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Skaldic Poetry of the Scandinavian Middle Ages

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Þorm Lv 10I

R. D. Fulk (ed.) 2012, ‘Þormóðr Kolbrúnarskáld, Lausavísur 10’ in Diana Whaley (ed.), Poetry from the Kings’ Sagas 1: From Mythical Times to c. 1035. Skaldic Poetry of the Scandinavian Middle Ages 1. Turnhout: Brepols, p. 823.

Þormóðr KolbrúnarskáldLausavísur
91011

Loftungu ‘Loftunga (‘Praise-tongue’)’

loftunga (noun f.): [tongue of praise, Loftunga

notes

[1] Loftungu ‘Loftunga (“Praise-tongue”)’: The skald Þórarinn loftunga (Þloft): see his Biography and work in this volume. Professional rivalry surfaces again in Lv 20b. 

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gaft ‘you gave’

gefa (verb): give

[1] gaft (‘gaftu’): ‘gafu’ Tóm

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þats ‘that’

1. sá (pron.; °gen. þess, dat. þeim, acc. þann; f. sú, gen. þeirrar, acc. þá; n. þat, dat. því; pl. m. þeir, f. þǽ---): that (one), those

notes

[2] látr, þats Fáfnir átti ‘the lair that Fáfnir owned [gold]’: The rel. clause functions like the determinant in a kenning, and the expression is semantically comparable to gold-kennings such as látr sváfnis ‘serpent’s lair’ (Grett Lv 31/7V (Gr 63)). The reference is to the dragon Fáfnir in the legend of Sigurðr, with resonances of broader superstitions about gold-hoards guarded by dragons; for Fáfnir see Þorf Lv 1 and Note to [All] ad loc.

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Fáfnir ‘Fáfnir’

Fáfnir (noun m.): Fáfnir

[2] Fáfnir: ‘faðneri’ DG8

notes

[2] látr, þats Fáfnir átti ‘the lair that Fáfnir owned [gold]’: The rel. clause functions like the determinant in a kenning, and the expression is semantically comparable to gold-kennings such as látr sváfnis ‘serpent’s lair’ (Grett Lv 31/7V (Gr 63)). The reference is to the dragon Fáfnir in the legend of Sigurðr, with resonances of broader superstitions about gold-hoards guarded by dragons; for Fáfnir see Þorf Lv 1 and Note to [All] ad loc.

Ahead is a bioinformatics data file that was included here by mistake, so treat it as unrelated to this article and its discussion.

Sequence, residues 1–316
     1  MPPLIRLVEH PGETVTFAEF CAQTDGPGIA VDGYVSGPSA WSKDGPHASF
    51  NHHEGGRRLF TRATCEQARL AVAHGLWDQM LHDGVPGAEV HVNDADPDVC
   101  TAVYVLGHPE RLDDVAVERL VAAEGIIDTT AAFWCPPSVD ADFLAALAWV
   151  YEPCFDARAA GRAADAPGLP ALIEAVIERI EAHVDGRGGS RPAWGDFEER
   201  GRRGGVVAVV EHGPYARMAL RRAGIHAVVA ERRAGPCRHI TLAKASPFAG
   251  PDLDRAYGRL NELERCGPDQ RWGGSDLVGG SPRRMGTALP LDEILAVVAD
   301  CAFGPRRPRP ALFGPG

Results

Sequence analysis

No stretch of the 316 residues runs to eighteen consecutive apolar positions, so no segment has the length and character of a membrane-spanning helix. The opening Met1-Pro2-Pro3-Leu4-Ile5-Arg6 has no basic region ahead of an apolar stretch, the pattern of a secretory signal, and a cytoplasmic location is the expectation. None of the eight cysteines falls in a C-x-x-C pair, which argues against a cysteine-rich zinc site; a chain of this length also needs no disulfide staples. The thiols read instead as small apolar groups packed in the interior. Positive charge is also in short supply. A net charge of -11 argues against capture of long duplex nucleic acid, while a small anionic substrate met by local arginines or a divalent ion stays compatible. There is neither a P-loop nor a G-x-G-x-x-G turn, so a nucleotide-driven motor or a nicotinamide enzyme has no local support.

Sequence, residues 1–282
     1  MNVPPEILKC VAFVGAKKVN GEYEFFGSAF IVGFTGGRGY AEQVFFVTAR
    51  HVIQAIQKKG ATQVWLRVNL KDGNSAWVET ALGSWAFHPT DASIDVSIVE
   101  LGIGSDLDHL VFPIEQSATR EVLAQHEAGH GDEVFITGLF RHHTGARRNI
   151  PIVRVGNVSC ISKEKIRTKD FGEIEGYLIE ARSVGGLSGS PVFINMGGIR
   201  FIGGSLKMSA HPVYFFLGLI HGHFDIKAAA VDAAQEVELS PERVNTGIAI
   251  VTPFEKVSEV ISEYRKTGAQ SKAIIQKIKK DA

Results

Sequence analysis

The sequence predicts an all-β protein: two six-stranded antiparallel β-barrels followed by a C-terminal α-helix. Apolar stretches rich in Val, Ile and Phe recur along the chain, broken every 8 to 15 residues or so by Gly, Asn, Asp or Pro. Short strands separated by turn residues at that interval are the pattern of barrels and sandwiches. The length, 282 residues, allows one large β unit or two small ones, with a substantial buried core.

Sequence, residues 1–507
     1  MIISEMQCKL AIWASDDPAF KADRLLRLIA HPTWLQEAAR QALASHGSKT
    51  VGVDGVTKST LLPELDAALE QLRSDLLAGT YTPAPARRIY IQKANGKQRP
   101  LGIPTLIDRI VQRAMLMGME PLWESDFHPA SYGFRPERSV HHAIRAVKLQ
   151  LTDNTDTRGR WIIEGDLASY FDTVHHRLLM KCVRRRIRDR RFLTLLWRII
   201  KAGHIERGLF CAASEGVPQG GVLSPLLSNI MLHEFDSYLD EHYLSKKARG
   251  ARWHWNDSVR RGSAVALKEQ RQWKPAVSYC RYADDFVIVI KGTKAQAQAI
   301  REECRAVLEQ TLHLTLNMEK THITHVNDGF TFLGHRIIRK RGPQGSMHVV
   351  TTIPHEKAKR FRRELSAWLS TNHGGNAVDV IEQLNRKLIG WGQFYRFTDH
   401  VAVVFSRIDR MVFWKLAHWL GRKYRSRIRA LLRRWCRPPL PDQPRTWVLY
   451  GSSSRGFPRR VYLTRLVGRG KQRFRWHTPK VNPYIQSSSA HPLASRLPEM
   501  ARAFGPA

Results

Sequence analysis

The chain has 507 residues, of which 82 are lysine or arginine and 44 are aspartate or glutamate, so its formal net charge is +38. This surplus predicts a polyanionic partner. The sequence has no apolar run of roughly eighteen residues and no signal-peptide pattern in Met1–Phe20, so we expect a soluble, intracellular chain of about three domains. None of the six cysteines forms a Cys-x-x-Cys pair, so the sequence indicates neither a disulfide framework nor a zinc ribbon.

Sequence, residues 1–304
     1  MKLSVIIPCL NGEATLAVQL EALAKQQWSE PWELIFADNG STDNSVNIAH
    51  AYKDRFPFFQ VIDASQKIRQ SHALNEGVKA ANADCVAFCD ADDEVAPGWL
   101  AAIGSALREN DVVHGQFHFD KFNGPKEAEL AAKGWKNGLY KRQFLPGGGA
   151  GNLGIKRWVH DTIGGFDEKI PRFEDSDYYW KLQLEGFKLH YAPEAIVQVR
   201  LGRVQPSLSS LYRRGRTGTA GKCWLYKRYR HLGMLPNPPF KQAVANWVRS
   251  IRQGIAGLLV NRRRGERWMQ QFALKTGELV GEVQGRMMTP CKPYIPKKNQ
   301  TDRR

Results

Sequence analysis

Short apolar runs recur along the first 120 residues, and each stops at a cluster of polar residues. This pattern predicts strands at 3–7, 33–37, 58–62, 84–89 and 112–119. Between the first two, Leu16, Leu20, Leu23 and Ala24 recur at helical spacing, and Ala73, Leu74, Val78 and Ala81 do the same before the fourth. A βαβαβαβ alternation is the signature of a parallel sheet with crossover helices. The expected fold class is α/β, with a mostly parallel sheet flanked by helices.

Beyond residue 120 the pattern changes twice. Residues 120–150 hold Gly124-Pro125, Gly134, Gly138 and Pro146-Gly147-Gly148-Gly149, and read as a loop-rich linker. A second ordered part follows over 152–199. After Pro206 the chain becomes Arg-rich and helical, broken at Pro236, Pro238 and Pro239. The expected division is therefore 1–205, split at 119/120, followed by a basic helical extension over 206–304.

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átti ‘owned’

2. eiga (verb; °á/eigr (præs. pl. 3. pers. eigu/eiga); átti, áttu; átt): own, have

[2] átti: ‘atv’ Tóm

notes

[2] látr, þats Fáfnir átti ‘the lair that Fáfnir owned [gold]’: The rel. clause functions like the determinant in a kenning, and the expression is semantically comparable to gold-kennings such as látr sváfnis ‘serpent’s lair’ (Grett Lv 31/7V (Gr 63)). The reference is to the dragon Fáfnir in the legend of Sigurðr, with resonances of broader superstitions about gold-hoards guarded by dragons; for Fáfnir see Þorf Lv 1 and Note to [All] ad loc.

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inn ‘’

2. inn (art.): the

notes

[3] inn mæri ‘famous one’: Finnur Jónsson in Skj B takes the ‘enn’ of most of the mss not as the def. art. inn but as the adv. enn ‘still, further’. He emends mæri to mœrar ‘of land’ and analyses this as part of the gold-kenning, which is necessary in his construal since he removes merkr ‘of the forest’ from the kenning: see next Note. However, the emendation is unnecessary, it yields a metrically doubtful line, and as Kock (NN §710A) points out, Þormóðr never uses a form of þú without an appositive vocative phrase.